Buenos Aires is a buzzing city and popular tourist destination in South America. No other place in Argentina reflects a diverse culture, the result of immigration over the centuries, better than the capital.
It goes without saying the local gastronomic scene is heavily influenced by culinary contributions from Spanish, Italian, Arabic, Asian and European migrants. Both porteños – an endearing term for the city’s residents – and tourists enjoy this multicultural environment.
While Buenos Aires is regarded as the world’s steak capital, it has a variety of dishes on offer with varied flavours and textures. From cheesy pizzas to scrumptious flans topped with dulce de leche, you get to explore classic recipes and innovative variations.
This mini guide brings you 10 classic dishes and street foods in Buenos Aires. Some are found all over Argentina while a couple are unique to this port city.
1. Media Luna
Image source: Ivan Martinez
Breakfast is incomplete here without an assortment of breads accompanied by Media Luna. These crescent shaped croissants are sweeter and smaller than standard flaky pastry, and are served along with tea, coffee or yerba mate. This dish is also eaten as a mini meal before dinner – merienda. You’ll find bakeries at every street corner selling plain and filled versions containing ham and cheese or simply cheese.
2. Revuelto de Gramajo
Image source: Jesús Gorriti
An authentic local food, Revuelto de Gramajo is a mix of ham, eggs and fried potatoes made and served on the spot. There are different stories on how this dish was created in 1879 and named after a Colonel serving under an Argentine President.
3. Armenian Mezze
Image source: sandy waddle
The small Armenian community has lent delicious meals to the city’s food palette. The mezze served at restaurants in Palermo have a distinct Middle Eastern touch and are a good option for vegetarians. You’ll find plant-based dishes like grilled eggplants with herbs or walnut with mashed red peppers, and feta cheese with peppers.
4. Flan Mixto
Image source: Su-Lin
This homemade dessert is basically made with eggs and milk. The Spanish version was modified by the locals who use dulce de leche (caramelized condensed milk) and whipped cream.
5. Matambre Relleno
Another classic recipe that finds its way into party menus, this is the stuffed version of popular Argentinean dish matambere. The flank steaks or thin cuts of beef are filled with stuffing including bacon, boiled eggs, dried tomatoes, bell peppers, barbecued sausage, marinated veggies or meat, potatoes, onions, and cheese. The filling is seasoned with herbs and spices and the steak is either rolled up or placed flat on the plate. Matambre relleno is usually served in restaurants as a cold appetizer with a Russian salad.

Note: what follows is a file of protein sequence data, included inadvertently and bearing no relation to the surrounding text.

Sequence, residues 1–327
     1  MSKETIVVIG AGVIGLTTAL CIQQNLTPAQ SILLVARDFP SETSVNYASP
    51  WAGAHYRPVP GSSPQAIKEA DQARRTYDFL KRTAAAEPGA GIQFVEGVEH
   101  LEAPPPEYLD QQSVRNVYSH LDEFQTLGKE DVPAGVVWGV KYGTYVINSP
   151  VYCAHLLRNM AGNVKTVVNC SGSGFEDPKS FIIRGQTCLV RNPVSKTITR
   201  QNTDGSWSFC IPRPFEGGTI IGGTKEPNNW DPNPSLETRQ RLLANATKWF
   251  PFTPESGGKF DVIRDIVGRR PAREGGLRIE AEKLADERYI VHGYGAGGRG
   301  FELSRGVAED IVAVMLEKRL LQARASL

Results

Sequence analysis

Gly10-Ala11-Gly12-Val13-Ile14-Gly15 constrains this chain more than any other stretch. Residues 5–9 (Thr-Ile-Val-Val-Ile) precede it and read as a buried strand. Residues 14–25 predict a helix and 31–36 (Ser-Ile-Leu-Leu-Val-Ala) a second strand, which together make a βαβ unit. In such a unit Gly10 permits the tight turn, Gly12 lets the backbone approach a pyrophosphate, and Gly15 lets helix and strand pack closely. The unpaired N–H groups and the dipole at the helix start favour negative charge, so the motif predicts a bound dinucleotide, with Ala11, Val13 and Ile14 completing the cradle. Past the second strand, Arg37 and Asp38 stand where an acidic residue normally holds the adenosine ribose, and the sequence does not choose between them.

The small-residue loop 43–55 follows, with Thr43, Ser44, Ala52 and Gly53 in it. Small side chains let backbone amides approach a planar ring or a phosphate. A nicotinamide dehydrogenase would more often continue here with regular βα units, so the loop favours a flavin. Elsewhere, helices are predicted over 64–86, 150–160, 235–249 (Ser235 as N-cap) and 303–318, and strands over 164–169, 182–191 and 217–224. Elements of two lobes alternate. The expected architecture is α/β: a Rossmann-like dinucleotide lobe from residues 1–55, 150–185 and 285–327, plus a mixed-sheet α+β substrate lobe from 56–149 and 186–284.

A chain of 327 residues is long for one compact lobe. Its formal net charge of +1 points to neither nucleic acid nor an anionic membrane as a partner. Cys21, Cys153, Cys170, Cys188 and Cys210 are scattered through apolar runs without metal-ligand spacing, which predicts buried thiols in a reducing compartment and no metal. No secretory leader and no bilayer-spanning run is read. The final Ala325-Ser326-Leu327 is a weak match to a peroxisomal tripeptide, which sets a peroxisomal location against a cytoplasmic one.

6. Pizzas and Faina
Image source: Myrabella
Another gift from Italian immigrants, pizza shops are ubiquitous parts of the city streets. Pizzas here are cheesy and thick crust affairs. A classic version unique to the city is the fugazzeta with mozzarella and carmelised onions. This is usually accompanied by faina – a round, flatbread made with gazpacho beans.
If you bored of fugazzeta, there is always Neapolitana, with mozzarella, garlic and tomato, Calabrese, with chorizo and cuatro queso (4 types of cheese), Fontina with mozzarella, basil, sweet corn, fontina cheese and roasted peppers and basil, or pizza a la parrilla (barbecued pizza).
Image source: Capitu (ou Marcela)
Italian influence on the food scene extends to pastas as well. Various fillings are served fresh in pasta shops across the city. A favourite street and home food version is ravioli stuffed with ricotta cheese, herbs and spinach or pumpkin.
Image source: jennifer yin
That Argentineans have a sweet tooth is seen from their love for churros. These thorny stick-shaped doughnuts are crispy and greasy on the outside, and reveal a moist interior filled with dulce de leche or chocolate syrup. You’ll find street vendors serving the plain, fried version with a generous sprinkling of sugar.
9. Tortas (cakes)
Image Credit: Amancay Maahs
If you love all things sweet, then give in to the temptation. Head to the nearest pastlerlia (bakery) and try some original postres or tortas. What makes them unique? These freshly baked cakes are tender, soft and very creamy compared to their European counterparts.
Image source: Jean-Paul P.G.
This sweet dough recipe was introduced by European settlers. These pastries are found in bakeries (panaderias) across the city. Like media luna, these are either plain or stuffed with dulce de leche, quince paste or cream custard. They are covered in white or black sugar. You’re supposed to dunk them in your latte or cocido mate (yerba mate tea).